It's My Winter 2019 List!

Who’s up for a road trip? I hope all of you because the three novels I’m editing for Winter 2019 all have one!

The Remarkable Journey of Coyote Sunrise (1/8/19) by Dan Gemeinhart has so many of the things I love about middle grade literature. An unforgettable protagonist in 12-year-old Coyote, a girl full of heart, wonder, and mischief. Honest, authentic issues in the form of the grief Coyote and her dad, Rodeo, deal with every day since the death of Coyote’s mom and two sisters. Genuine humor to offset the serious stuff, generated by the brilliant cast of characters Dan has created. And a journey of self-discovery, as this ragtag group drives from Florida to Washington State.

When designer Carol Ly and I met to talk about the cover, there was no doubt that we wanted to showcase Coyote. We also agreed that we wanted to do something sophisticated to go along with the heavier themes of the book. Carol hired Celia Krampien, who turned in some near-perfect sketches.

I love how evocative this image is, but it feels a bit quiet, which Dan’s book is not.

I love how evocative this image is, but it feels a bit quiet, which Dan’s book is not.

Celia’s composition here is super smart, and I love the movement in the sketch, but…

Celia’s composition here is super smart, and I love the movement in the sketch, but…

this sketch perfectly captures the energy of the character and the story.

this sketch perfectly captures the energy of the character and the story.

Celia went to final art on the third sketch, and after a title change, some experimentation with palette, and some fantastic hand lettering from Michael Burroughs, we had our final cover:


What We Buried by Kate Boorman (February 2019) is a tense psychological thriller that will make your mind expand and maybe even explode. I instantly fell in love with the novel’s damaged protagonists. Liv is sixteen and a former child beauty pageant queen and reality TV star. She’s coming to terms with the mental damage her childhood had on her and the role her parents played. Jory, her older brother, had a very different childhood. Born with a partial facial paralysis, he was relegated to the sidelines by his appearance-obsessed parents. The two have long been estranged, but circumstances force them to work together when their parents vanish. Their road trip through the deserts of Nevada is filled with surreal twists and nightmarish imagery, as the two grapple to reconcile their pasts and maintain a grip on the present. I’ve never read a YA novel that so deftly explores the bond between siblings.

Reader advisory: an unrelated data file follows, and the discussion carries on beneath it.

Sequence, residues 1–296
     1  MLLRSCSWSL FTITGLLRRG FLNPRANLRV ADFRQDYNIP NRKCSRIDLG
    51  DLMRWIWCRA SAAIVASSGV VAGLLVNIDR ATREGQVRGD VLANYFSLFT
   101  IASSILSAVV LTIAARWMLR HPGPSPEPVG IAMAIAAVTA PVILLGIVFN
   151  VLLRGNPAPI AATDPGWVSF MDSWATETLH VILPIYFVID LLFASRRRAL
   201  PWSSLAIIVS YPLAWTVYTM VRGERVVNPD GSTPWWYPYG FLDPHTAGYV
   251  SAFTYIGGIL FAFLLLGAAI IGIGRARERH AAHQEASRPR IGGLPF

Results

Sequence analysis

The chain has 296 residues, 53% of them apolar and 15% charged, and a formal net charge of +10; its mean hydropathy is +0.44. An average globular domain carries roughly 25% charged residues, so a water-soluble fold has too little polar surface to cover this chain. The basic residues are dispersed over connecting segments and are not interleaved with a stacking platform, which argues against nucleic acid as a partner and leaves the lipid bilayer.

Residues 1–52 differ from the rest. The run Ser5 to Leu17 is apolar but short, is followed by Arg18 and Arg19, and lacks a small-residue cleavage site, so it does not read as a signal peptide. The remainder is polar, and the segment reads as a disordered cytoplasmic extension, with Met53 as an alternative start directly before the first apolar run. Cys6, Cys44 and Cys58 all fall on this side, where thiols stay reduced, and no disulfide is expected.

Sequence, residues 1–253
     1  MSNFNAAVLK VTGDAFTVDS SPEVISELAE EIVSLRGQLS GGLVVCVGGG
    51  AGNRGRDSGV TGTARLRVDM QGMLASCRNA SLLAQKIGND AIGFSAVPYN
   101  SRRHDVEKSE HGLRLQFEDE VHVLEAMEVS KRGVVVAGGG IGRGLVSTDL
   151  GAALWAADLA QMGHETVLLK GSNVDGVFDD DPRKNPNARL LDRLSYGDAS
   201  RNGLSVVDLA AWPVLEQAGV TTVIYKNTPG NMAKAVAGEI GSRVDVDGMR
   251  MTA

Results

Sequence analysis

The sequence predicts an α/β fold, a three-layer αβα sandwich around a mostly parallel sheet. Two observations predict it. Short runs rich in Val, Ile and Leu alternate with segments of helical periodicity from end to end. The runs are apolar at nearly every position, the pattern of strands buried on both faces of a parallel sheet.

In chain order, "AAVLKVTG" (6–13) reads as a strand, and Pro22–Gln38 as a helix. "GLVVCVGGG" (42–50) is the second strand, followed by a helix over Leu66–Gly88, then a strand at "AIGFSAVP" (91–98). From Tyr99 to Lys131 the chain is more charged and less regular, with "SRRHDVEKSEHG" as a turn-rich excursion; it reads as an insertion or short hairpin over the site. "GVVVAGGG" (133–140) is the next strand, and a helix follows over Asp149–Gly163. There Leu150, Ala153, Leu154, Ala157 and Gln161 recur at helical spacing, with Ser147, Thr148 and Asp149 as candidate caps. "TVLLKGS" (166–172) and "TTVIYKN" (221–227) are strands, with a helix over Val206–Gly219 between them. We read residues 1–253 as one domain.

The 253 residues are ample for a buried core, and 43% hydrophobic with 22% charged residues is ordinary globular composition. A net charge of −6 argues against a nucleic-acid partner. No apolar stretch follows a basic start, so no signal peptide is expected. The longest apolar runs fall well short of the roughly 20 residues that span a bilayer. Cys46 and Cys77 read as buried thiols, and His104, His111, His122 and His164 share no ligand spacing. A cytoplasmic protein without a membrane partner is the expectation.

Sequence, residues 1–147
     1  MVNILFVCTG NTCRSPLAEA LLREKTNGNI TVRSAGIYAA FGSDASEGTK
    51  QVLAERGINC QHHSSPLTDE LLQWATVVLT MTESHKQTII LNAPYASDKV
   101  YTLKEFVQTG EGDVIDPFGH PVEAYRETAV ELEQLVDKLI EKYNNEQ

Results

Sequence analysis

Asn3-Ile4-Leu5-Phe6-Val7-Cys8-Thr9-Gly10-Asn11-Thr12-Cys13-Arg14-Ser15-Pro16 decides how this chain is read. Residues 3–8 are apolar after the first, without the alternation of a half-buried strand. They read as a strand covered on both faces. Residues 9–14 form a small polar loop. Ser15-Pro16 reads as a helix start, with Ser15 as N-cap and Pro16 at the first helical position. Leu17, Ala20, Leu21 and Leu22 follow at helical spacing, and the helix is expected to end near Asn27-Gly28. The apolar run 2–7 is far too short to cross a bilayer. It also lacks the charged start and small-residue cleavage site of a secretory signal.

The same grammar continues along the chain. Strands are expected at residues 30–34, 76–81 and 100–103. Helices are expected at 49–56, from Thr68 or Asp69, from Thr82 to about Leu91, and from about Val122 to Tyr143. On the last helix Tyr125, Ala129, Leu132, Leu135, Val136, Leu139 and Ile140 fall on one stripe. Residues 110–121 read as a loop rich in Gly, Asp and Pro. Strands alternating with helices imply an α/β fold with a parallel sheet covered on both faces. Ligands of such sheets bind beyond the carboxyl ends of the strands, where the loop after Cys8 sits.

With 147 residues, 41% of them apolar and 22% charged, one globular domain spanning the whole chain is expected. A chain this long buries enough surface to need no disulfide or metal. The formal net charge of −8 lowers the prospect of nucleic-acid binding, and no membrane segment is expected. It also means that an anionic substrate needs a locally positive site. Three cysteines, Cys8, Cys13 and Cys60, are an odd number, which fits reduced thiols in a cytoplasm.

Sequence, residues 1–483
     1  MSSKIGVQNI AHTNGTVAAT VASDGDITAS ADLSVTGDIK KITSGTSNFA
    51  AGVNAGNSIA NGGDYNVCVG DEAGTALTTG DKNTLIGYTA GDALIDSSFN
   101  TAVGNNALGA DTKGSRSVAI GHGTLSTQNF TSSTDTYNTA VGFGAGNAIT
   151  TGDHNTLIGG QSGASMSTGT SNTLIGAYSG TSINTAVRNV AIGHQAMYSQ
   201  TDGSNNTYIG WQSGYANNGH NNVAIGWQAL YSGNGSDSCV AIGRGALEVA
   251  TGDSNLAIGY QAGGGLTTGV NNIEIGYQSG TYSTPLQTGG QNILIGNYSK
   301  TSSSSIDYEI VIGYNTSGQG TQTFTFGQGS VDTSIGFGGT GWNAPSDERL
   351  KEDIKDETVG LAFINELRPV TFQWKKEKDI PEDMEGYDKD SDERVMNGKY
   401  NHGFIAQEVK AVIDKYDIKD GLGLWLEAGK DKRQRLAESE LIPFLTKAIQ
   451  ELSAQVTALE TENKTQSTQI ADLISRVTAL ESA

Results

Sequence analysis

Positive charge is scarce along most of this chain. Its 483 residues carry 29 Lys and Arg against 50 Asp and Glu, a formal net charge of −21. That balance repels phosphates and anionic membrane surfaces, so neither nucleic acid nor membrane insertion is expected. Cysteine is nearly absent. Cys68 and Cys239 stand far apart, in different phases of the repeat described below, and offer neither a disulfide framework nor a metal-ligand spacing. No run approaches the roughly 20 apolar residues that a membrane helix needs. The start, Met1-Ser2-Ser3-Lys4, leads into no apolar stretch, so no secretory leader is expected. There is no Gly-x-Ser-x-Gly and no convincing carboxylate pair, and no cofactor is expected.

Usually, when I acquire a novel, I can picture what the cover could be, but here, I was like, “Huh?” Happily, I was paired with designer Rich Deas, who is masterful at capturing tone and theme, particularly with complex, darker material. And just as he and I were starting to work together on the cover, the New York Times published a piece featuring a creepy AF piece of art by Matthieu Bourel. Rich brought Matthieu on board, who delivered some super cool comps.


Rich and Matthieu worked closely to find the right model for Liv (Rich already had the perfect image for Jory) and the images that would live in the characters’ faces. Matthieu worked his magic, and then Rich played with backgrounds and type treatment.

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As Liv and Jory’s narratives have equal weight in the novel, we wanted to give them equal “billing” on the jacket. I am IN LOVE with how it turned out.

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Girls on the Verge by Sharon Biggs Waller (April 2019) is a coming-of-age story focused on the power of the friendship among three young women. Camille knows that she wants an abortion, and she quickly discovers how challenging the system in Texas makes it for young women. As she, Bea, and Annabelle drive from Houston to the Mexico border and then to New Mexico, she’ll share her experiences leading up to the road trip: of being ridiculed at a pharmacy, of being shamed at a family crisis center, of being bullied in court by a condescending judge.

The novel has clear nods to Thelma & Louise, and designer Katie Klimowicz and I discussed doing a photographic cover, maybe a selfie of our three heroines along the lines of this iconic image:

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My mind also jumped to Crossroads, another tale about three young women on a road trip of discovery.

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But the photographic approach felt potentially cheesy and would have necessitated a photo shoot (the stock photos weren’t going to cut it), which would have been hard to pull off—three models, a car, a road that looked like it was in Texas. Katie determined that the best path forward was to do something typographic, which felt right for Sharon’s awesome title and the content of the book. She brought on the brilliant Letterettes, and together, they came up with some polished concepts, including these:


We ultimately moved forward on Option 3, which best captures the narrative: the tire treads speak to the road trip, and the double pink line evokes a positive pregnancy test. The Letterettes worked their magic, resulting in this beautiful final cover.


Enjoy the rides! And please don’t text while driving.